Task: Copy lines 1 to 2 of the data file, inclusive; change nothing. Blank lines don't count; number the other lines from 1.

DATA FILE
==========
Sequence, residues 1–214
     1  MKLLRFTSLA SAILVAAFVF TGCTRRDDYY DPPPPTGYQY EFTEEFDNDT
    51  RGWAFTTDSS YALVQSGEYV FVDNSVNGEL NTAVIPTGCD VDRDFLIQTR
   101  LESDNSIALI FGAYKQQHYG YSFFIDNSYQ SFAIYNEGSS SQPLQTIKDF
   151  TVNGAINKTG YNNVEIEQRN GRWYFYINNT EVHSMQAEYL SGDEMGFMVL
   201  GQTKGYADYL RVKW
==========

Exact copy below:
Sequence, residues 1–214
     1  MKLLRFTSLA SAILVAAFVF TGCTRRDDYY DPPPPTGYQY EFTEEFDNDT